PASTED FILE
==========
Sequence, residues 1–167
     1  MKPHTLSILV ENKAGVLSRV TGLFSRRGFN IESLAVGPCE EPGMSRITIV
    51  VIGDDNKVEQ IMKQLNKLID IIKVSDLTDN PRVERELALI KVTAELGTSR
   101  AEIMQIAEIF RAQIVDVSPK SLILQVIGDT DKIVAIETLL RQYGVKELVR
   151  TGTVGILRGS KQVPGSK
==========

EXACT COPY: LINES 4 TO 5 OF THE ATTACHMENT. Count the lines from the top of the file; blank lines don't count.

   101  AEIMQIAEIF RAQIVDVSPK SLILQVIGDT DKIVAIETLL RQYGVKELVR
   151  TGTVGILRGS KQVPGSK